SEATTLE – Chris Petersen got a firsthand look at BYU’s Tanner Mangum many years ago when the quarterback was a high school star in Idaho and Petersen was still in charge at Boise State.
When Petersen started looking at film in preparation for Saturday’s game between No. 11 Washington and No. 20 BYU, his memories of Mangum came flooding back, along with the realization of just how long it’s been since Petersen was trying to get Mangum to Boise State.
“I cannot believe he’s still playing college football,” Petersen said. “I’m like, ‘Huh?’ But he was an awesome kid back in high school even. Just really liked him.”
Mangum and the Cougars (3-1) have been one of the big surprises during the first month of the regular season. Taking down the Huskies (3-1) on the road – and picking up a second road win over a team ranked in the top 12 – would certainly vault BYU into an entirely different conversation.
As it stands, the Cougars’ ranking this week is their highest since 2015 when they reached No. 19 after starting 2-0.
“It’s pretty fun, but it’s not what we define ourselves as,” BYU wide receiver Dylan Collie said. “We have been defining ourselves as a winning culture and a winning team since the new staff got here in January. I was just lucky to be a part of it when I came in June and we’ve just built on it ever since. That won’t stop. It’s a number in the big scheme of things.”
While BYU’s ranking comes as a surprise, it could end up being a benefit for Washington. The Huskies remain the Pac-12 favorite after wins over Utah and Arizona State to open conference play, and knocking off a ranked Cougars team could help bolster Washington’s resume at the end of the season if it’s in contention again for a College Football Playoff berth.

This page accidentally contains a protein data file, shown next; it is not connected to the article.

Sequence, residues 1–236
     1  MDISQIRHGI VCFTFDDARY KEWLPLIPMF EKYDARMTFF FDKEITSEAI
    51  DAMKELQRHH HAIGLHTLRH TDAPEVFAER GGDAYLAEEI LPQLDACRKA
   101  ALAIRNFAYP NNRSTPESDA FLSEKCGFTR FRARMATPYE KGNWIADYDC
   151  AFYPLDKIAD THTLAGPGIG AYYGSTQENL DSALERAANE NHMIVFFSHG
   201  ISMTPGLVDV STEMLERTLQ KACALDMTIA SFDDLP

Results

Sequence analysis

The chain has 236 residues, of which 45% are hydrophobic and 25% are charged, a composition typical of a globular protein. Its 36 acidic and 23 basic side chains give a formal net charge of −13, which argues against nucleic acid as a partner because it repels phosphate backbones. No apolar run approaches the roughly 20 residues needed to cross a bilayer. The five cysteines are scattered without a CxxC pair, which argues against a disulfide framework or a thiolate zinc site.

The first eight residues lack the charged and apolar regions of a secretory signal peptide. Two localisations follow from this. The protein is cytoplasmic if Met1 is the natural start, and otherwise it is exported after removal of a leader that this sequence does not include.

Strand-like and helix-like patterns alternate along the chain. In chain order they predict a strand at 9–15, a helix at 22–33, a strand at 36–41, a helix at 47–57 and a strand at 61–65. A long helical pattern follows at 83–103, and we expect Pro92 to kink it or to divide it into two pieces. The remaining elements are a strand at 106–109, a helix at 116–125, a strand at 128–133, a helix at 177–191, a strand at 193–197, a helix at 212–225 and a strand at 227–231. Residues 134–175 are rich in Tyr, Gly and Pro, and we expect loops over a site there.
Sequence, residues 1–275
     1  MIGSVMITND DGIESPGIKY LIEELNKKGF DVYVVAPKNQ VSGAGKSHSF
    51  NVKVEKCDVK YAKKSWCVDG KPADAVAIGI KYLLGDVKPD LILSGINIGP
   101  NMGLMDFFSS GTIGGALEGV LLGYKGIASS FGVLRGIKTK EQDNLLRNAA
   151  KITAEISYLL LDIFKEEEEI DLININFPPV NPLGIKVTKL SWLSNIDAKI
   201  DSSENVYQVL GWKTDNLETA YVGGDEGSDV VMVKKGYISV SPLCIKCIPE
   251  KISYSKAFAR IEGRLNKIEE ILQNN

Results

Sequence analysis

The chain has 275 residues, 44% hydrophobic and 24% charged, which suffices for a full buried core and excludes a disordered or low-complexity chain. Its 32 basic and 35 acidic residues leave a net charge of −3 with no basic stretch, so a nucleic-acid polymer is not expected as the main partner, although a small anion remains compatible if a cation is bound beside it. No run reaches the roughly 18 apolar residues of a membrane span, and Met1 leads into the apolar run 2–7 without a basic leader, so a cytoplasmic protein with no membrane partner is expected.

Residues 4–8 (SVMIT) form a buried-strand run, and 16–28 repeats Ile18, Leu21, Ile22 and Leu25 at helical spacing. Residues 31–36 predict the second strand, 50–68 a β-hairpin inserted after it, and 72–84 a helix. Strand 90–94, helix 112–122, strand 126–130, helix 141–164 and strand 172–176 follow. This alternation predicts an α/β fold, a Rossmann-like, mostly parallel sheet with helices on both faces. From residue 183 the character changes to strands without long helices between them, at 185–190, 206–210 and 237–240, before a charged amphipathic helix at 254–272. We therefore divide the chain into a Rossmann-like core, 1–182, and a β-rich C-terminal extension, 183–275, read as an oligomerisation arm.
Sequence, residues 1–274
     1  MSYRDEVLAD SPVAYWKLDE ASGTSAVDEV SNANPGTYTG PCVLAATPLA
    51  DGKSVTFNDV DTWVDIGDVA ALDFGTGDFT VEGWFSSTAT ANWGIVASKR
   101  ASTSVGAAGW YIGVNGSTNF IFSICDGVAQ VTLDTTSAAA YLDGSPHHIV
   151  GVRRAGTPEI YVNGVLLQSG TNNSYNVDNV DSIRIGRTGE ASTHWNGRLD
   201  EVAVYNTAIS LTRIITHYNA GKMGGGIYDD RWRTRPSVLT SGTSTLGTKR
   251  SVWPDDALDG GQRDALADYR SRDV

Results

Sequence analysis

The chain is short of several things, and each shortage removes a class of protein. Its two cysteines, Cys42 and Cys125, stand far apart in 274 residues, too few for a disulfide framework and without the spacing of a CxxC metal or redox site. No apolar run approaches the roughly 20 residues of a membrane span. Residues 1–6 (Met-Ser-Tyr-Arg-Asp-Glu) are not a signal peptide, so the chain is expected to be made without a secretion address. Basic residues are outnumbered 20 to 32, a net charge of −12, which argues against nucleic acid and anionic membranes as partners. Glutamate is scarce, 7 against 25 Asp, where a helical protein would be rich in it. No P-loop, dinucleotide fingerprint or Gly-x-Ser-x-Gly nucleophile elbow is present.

Washington’s defense is doing just fine, but the Huskies would like to see more out of the offense. The Huskies averaged more than 6 yards per play and Jake Browning threw three touchdowns against Arizona State, but a victory that had the feel of a blowout was a one-score game in the fourth quarter.
Here are things to watch as the Cougars and Huskies meet for the first time since 2008 in Seattle:
BLAME CANADA: The Cougars expect to have running back Squally Canada closer to being fully healthy after he got just 10 carries last week against McNeese State while dealing with a sore ankle. Canada’s been tough to stop early in the season, running for three touchdowns in a win at Arizona then rushing for 118 yards and two scores in a win over Wisconsin.
If Canada is slowed, Lopini Katoa has proven to be a capable backup, averaging 5.6 yards per carry and scoring twice last week.
Arizona State provided a blueprint for staying relatively close to the Huskies last week by relying heavily on the run, creating manageable third-down situations and extending drives. Playing that way is part of BYU’s philosophy and should give the Cougars a chance to hang around.
NO FLY ZONE: Washington allowed a passing touchdown to Auburn on the first possession of the season. The Huskies have not allowed a passing TD since.
Washington’s secondary was supposed to be good, but last week Arizona State didn’t even bother trying to challenge the Huskies with downfield throws. Washington has held three straight opponents to under 140 yards passing. The only downside has been a lack of interceptions. The Huskies have just one.
SMACK THE PAC: BYU is getting a big taste of the Pac-12 this season. The Cougars already split against Arizona and California and will close the season against rival Utah in Salt Lake City. The four games against Pac-12 opponents are the most BYU has played in one season. The Cougars haven’t beaten two Pac-12 teams in the same season since 2008 when they beat Washington and UCLA.
RECORD WATCH: Browning needs 151 yards passing to move past Cody Pickett and become Washington’s all-time leader in career yards passing. Browning has 10,070 yards passing and is currently 17th on the Pac-12 all-time list. Browning needs another 726 yards passing to move into the top 10 on the all-time Pac-12 list.
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